Real Science for Real People
Are We Medicating the River?
By Beth Ravit
Most people are aware that excessive use of antibiotics has resulted in the health-threatening situation of antibiotic-resistant strains of microorganisms. Within the last 5 years, scientists have also found that antibiotics and other pharmaceuticals are now contaminating our rivers, groundwater and soils (Nature, July 2003). The initial studies researching this problem have mainly been conducted in Europe, and few people outside the scientific research community realize the potential scope of this problem. The one agency within the U.S. government that has taken a leadership role in addressing the problem is the U.S. Geological Survey (USGS) through its Toxic Substances Hydrology Program.
USGS has provided the first nationwide survey of pharmaceuticals, hormones and organic contaminants in our waterways. Pharmaceutical contamination is generated by multiple sources that include residential, industrial and agricultural facilities. During 1999-2000, USGS collected and analyzed water samples at 139 streams in 30 states that were downstream of heavily urbanized or agricultural areas. The survey found human and veterinary drugs (including antibiotics), natural and synthetic hormones, detergent metabolites, plasticizers, insecticides or flame retardants in 80% of the streams sampled. Survey sites in New Jersey include the Whippany River near Pine Brook and the Hohokus Brook in Hohokus.
Although 95 of the chemicals sampled are used extensively, there is little information available about the extent of the occurrence of these compounds in the environment, and USGS had to develop new laboratory methods to measure concentrations of these substances. Mixtures of the chemicals were common; 75% of the streams sampled had more than one chemical and 34% had 10 or more. The chemical groups most frequently detected included steroids, nonprescription drugs, and insect repellents. The highest chemical concentrations were found in detergent metabolites, steroids and plasticizers. Compounds found include coprostanol (steroid), cholesterol, caffeine, triclosan (disinfectant) and di-ethyltoluamide (insect repellent).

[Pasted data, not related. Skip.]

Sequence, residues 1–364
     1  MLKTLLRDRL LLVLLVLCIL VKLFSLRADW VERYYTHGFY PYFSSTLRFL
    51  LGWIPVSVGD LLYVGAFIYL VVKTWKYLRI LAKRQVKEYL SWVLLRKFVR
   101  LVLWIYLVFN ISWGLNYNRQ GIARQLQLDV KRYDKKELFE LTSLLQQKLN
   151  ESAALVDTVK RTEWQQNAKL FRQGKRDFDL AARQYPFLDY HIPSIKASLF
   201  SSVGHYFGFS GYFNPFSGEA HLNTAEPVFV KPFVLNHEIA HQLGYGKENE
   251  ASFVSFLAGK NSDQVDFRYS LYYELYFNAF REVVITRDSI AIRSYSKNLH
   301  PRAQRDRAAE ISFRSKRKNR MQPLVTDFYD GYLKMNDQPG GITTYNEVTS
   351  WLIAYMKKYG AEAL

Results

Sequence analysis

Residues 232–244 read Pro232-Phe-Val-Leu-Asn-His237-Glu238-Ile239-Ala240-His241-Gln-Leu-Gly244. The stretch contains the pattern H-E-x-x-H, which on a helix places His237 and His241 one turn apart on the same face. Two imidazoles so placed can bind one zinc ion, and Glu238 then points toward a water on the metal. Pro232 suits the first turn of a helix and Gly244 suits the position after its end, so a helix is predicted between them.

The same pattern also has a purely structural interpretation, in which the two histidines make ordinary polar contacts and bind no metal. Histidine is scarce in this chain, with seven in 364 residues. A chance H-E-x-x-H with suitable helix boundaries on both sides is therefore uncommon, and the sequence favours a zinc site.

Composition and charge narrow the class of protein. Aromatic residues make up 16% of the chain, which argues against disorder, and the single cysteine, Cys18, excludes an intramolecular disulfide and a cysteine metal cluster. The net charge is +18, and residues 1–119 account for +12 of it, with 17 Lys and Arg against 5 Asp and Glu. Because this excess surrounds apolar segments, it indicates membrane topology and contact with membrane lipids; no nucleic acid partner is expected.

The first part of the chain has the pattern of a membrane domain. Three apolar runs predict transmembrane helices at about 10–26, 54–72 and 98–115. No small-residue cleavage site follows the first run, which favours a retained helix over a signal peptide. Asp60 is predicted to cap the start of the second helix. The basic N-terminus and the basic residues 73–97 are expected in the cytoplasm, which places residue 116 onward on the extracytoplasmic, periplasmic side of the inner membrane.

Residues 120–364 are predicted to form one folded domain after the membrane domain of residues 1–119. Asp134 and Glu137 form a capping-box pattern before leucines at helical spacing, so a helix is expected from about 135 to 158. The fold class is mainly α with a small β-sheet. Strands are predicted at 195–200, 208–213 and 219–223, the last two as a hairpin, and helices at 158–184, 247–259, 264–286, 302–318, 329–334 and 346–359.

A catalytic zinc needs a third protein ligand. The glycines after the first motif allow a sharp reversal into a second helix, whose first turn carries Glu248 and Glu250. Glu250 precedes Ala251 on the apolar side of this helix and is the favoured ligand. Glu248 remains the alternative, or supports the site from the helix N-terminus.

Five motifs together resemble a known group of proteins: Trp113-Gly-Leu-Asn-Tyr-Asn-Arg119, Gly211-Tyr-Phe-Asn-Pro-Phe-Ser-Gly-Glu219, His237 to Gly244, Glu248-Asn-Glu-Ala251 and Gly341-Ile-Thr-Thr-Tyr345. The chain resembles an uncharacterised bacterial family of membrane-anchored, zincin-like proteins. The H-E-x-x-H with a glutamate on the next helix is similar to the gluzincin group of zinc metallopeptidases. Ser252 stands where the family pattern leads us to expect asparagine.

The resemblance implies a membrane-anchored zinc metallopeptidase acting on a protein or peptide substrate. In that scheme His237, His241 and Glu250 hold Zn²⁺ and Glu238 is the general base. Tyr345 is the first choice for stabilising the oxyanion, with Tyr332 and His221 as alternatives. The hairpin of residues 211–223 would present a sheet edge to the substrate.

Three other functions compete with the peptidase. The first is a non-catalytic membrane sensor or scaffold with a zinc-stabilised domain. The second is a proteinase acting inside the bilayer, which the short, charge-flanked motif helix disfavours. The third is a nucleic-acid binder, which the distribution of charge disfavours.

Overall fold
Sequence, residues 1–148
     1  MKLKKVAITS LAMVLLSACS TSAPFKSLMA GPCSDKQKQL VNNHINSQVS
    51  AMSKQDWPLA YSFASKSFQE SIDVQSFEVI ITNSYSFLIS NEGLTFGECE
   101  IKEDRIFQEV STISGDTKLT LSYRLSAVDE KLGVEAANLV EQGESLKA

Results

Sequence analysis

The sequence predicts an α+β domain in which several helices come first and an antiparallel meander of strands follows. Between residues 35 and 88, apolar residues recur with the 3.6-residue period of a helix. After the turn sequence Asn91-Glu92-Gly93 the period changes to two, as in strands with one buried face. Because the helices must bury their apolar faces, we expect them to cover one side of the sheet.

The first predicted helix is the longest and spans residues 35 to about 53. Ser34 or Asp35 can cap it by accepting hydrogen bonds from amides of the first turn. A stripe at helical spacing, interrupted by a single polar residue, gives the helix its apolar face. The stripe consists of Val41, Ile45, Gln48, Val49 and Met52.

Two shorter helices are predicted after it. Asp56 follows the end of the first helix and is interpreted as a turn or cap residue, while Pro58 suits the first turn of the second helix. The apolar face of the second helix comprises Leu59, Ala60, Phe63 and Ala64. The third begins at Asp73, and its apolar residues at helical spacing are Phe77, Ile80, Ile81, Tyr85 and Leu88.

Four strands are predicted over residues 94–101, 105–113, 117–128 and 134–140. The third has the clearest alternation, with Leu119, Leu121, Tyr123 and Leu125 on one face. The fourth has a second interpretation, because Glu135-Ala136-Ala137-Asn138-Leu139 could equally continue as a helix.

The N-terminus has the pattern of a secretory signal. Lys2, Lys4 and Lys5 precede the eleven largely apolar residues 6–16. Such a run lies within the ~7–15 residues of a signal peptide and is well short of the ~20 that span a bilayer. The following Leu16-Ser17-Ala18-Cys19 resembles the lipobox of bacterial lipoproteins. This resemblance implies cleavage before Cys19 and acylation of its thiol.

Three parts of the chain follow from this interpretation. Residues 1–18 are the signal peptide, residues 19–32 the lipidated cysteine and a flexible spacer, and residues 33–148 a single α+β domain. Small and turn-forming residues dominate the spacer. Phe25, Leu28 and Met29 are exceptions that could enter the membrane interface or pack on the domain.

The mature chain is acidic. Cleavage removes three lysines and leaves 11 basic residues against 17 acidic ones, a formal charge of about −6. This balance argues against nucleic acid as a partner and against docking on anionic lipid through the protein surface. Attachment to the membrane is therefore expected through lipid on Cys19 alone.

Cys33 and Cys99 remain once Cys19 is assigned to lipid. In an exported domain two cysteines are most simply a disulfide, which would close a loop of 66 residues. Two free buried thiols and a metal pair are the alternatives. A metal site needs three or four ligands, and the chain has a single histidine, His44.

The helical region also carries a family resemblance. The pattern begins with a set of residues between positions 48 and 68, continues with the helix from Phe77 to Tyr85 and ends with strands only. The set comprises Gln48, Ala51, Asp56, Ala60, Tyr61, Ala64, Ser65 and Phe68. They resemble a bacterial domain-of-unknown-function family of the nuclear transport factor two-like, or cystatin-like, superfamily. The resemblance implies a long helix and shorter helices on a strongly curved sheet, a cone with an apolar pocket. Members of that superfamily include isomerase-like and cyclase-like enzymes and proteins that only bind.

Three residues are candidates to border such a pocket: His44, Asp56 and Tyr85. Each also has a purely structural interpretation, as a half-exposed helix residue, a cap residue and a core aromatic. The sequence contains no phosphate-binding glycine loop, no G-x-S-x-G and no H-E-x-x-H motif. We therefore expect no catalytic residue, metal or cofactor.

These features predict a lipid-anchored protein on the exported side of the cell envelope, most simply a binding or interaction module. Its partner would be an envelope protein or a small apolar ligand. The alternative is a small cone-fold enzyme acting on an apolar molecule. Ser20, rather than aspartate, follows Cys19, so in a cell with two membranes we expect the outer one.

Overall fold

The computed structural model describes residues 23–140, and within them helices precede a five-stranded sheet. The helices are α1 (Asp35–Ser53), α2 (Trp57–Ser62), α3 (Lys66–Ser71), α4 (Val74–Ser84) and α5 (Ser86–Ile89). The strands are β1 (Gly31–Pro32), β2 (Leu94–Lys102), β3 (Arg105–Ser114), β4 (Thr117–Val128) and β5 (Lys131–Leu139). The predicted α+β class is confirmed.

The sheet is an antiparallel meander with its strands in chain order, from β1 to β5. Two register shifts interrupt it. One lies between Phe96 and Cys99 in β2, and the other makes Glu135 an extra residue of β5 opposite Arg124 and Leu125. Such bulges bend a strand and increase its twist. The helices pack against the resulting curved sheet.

Knowledge of potential human and environmental health effects of these compounds (or mixtures of these compounds) is not well known. Drinking-water standards or other health criteria have been established for only 14 of the compounds. One-third of the compounds are believed to be hormonally active and half are pharmaceutically active. According to USGS, little is known about the potential health impact to humans or aquatic ecosystems exposed to levels of most of the chemicals or mixtures found.
The USGS emphasizes that this study is only a starting point that establishes the need for prioritizing sources, pathways, and effects of the pharmaceuticals, hormones and organic contaminants that are entering our surface waters. We hope that EPA, FDA, and other agencies charged with protecting human health will follow the lead of USGS on this important issue.
This study can be found at: http://toxics.usgs.gov/pubs/FS-027-02. I would very much like to hear your comments, concerns and questions about Real Science for Real People. You can contact me via email at: email@example.com. I look forward to hearing from our readers.
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